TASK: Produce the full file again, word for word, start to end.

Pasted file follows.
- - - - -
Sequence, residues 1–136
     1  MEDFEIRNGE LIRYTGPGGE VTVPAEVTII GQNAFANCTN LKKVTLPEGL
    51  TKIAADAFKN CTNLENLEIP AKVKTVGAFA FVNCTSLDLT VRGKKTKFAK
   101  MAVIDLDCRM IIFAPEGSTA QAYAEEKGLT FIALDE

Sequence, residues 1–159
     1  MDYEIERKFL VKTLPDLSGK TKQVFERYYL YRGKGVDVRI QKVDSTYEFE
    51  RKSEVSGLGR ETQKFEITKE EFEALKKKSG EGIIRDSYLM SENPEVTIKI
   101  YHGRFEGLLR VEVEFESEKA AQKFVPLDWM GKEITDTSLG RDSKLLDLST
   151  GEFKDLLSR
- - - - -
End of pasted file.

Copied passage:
Sequence, residues 1–136
     1  MEDFEIRNGE LIRYTGPGGE VTVPAEVTII GQNAFANCTN LKKVTLPEGL
    51  TKIAADAFKN CTNLENLEIP AKVKTVGAFA FVNCTSLDLT VRGKKTKFAK
   101  MAVIDLDCRM IIFAPEGSTA QAYAEEKGLT FIALDE

Sequence, residues 1–159
     1  MDYEIERKFL VKTLPDLSGK TKQVFERYYL YRGKGVDVRI QKVDSTYEFE
    51  RKSEVSGLGR ETQKFEITKE EFEALKKKSG EGIIRDSYLM SENPEVTIKI
   101  YHGRFEGLLR VEVEFESEKA AQKFVPLDWM GKEITDTSLG RDSKLLDLST
   151  GEFKDLLSR